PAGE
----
The Quote Garden

 I dig old books.

 Est. 1998

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Quotations for Groundhog Day

The groundhog is like most other prophets; it delivers its prediction and then disappears. ~Bill Vaughn, United Feature Syndicate, as quoted in The Reader's Digest, 1987

Old Groundhog stretched in his leafy bed.
He turned over slowly and then he said,
"I wonder if spring is on the way,
I'll go and check the weather today..."
~Author unknown, "Groundhog Day"

If ground-hog day was bright and fair,
The beast came forth, but not to stay;
His shadow turned him to his lair,
Where six weeks more, he dormant lay
Secure in subterranean hold—
So wondrous weatherwise was he—
Against six weeks of ice and cold,
Which, very certain, there would be...
~H. L. Fisher, "Popular Superstitions," Olden Times: or, Pennsylvania Rural Life, Some Fifty Years Ago, and Other Poems, 1888

If Candlemas Day be fair and bright,
Winter will have another fight;
But if Candlemas Day be clouds and rain,
Winter is gone, and will not come again.
~Old rhyme

Yesterday was "ground-hog's day" in many parts of the United States, and Candlemas day in many other parts of the world. From time immemorial, it has been a critical day in the affairs of the weather. The character of the second of February is really of much more importance than whether the first of March comes in like a lion or a lamb. The simplest form of the adage is:—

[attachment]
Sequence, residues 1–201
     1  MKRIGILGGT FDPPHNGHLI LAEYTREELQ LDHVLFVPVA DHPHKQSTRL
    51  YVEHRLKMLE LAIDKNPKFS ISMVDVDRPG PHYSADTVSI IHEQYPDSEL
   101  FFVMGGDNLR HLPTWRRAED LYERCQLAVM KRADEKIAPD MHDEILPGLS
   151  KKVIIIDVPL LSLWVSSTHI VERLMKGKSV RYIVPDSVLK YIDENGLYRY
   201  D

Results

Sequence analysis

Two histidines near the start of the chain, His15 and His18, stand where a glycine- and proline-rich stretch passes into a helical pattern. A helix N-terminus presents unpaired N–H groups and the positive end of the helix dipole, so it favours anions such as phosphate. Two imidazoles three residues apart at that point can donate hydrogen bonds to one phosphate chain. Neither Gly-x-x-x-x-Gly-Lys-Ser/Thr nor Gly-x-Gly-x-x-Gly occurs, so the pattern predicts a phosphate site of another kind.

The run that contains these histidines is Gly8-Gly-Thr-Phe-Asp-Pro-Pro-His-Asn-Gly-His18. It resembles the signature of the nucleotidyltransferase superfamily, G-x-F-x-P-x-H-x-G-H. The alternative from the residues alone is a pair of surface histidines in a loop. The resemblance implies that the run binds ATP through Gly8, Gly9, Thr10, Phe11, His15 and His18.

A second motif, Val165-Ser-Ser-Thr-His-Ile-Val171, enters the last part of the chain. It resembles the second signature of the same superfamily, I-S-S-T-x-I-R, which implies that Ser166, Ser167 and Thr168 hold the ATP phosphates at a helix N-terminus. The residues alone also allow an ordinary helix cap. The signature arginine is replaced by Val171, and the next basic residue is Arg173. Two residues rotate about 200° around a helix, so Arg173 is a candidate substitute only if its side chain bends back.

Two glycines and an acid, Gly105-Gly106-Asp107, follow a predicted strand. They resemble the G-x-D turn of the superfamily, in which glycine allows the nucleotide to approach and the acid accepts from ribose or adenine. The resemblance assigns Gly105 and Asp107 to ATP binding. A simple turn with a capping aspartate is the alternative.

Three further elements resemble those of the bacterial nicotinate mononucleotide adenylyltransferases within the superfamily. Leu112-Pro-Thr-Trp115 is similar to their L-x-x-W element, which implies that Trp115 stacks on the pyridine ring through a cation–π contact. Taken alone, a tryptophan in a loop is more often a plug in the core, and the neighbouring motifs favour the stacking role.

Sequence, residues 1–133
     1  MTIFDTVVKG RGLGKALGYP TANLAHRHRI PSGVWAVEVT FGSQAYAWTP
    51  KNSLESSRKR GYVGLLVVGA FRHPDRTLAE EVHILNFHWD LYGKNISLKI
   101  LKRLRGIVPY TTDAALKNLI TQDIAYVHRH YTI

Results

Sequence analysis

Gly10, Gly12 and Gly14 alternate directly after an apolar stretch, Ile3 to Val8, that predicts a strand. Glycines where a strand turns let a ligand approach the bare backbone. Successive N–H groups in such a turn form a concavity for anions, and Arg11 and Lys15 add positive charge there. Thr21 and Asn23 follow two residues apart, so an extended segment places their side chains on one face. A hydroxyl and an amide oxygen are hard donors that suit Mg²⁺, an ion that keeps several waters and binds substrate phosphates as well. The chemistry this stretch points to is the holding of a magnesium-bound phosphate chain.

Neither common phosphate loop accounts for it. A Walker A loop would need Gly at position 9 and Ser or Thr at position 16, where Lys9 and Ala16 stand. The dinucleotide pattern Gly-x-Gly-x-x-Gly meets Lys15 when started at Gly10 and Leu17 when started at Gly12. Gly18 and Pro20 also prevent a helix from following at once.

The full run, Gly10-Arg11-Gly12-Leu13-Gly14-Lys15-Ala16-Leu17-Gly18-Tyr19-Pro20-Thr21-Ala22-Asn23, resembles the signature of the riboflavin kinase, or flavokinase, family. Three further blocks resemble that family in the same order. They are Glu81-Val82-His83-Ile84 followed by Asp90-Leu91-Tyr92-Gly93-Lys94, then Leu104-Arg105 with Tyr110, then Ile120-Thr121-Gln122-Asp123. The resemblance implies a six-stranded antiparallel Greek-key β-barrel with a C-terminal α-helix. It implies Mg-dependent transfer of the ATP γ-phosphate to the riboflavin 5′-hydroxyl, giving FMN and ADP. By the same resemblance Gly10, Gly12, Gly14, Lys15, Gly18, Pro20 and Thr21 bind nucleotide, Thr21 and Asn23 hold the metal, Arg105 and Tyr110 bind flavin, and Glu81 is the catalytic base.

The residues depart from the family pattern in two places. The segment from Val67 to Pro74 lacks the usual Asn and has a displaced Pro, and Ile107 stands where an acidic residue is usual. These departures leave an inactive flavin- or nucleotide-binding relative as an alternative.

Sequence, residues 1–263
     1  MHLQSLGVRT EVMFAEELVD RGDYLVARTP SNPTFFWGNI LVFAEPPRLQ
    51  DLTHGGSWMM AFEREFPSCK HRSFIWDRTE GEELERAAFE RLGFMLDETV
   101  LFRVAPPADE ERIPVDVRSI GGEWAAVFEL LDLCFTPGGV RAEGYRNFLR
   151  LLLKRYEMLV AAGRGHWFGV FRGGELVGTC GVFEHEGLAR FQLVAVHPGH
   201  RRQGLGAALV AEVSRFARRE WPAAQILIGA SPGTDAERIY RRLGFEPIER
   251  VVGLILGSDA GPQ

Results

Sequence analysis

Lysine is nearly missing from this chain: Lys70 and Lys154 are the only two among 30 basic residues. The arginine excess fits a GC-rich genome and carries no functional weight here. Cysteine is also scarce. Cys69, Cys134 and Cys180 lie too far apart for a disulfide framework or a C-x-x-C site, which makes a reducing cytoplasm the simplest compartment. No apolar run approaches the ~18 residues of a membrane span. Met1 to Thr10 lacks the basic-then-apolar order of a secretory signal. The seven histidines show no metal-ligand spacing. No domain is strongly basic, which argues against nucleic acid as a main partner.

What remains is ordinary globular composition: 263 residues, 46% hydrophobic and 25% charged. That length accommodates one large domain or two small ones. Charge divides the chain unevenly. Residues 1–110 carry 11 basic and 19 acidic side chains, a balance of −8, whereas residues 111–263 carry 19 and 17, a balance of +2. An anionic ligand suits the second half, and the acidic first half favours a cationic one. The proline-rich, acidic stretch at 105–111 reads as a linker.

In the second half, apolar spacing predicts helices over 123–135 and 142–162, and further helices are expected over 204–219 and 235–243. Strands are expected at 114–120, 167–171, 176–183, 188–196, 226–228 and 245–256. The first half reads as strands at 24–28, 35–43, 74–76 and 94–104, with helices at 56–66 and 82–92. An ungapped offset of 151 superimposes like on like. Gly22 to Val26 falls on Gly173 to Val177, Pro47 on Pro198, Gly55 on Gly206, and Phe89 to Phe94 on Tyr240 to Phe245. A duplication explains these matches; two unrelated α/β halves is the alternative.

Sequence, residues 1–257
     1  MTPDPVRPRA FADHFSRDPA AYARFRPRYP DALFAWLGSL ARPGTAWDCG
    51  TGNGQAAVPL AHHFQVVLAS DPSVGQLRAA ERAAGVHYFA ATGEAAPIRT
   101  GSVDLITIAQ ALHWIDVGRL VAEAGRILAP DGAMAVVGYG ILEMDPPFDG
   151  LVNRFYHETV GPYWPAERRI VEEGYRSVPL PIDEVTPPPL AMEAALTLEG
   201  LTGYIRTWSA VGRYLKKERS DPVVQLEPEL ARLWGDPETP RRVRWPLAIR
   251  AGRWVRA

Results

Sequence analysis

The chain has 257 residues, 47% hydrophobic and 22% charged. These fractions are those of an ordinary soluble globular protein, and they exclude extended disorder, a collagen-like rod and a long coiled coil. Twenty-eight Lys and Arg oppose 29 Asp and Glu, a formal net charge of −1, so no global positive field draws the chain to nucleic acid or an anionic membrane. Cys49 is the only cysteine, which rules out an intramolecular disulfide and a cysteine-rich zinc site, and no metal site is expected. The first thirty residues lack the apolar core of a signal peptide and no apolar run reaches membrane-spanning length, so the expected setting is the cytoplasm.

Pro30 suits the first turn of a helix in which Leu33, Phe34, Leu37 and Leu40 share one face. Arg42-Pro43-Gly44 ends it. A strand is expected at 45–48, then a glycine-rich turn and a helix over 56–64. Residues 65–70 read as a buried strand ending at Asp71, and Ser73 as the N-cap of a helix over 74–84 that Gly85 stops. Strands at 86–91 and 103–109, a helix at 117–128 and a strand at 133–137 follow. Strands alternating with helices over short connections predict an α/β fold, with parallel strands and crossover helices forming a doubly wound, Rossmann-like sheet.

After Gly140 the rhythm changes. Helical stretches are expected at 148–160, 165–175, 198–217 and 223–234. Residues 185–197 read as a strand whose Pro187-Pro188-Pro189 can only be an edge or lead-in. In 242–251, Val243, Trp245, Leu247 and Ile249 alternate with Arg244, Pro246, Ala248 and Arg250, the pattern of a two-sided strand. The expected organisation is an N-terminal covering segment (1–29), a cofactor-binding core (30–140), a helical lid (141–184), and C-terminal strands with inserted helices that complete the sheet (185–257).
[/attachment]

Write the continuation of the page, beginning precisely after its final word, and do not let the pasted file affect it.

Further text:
If Candlemas day be bright and clear,
      There'll be two winters in that year.
~Hartford Courant, 1877

The hedge-rows cast a shallow shade
      Upon the frozen grass,
      But skies at evening song are soft,
      And comes the Candlemas.
Each day a little later now
      Lingers the westering sun;
      Far out of sight the miracles
      Of April are begun.
O barren bough! O frozen field!
      Hopeless ye wait no more.
      Life keeps her dearest promises—
      The Spring is at the door!
~Arthur Ketchum, The Atlantic Monthly, February 1904

Though the groundhog and crocus creep into their holes
It's Spring, and the almanac shows it;
Though a polar wave over the continent rolls
It's Spring! And we don't care who knows it!
~Robert J. Burdette, "March," c.1888

Groundhog Day
Winter's grip's broken, the sun swings north!
~David J. Beard (1947–2016), @Raqhun, tweet, 2015

Everybody who knew anything about ciphering was called in to consider it. A young man from a high school near here, who made a specialty of mathematics and pimples, and who could readily tell how long a shadow a nine-pound ground-hog would cast at 2 o'clock and 37 minutes P.M., on ground-hog day, if sunny, at the town of Fungus, Dak., provided latitude and longitude and an irregular mass of red chalk be given to him, was secured to jerk a few logarithms in the interests of trade. He came and tried it for a few days, covered the interior of the Exposition Building with figures and then went away. ~Bill Nye, "Seeking to be Identified," Nye and Riley's Railway Guide by Edgar W. Nye and James Whitcomb Riley, 1888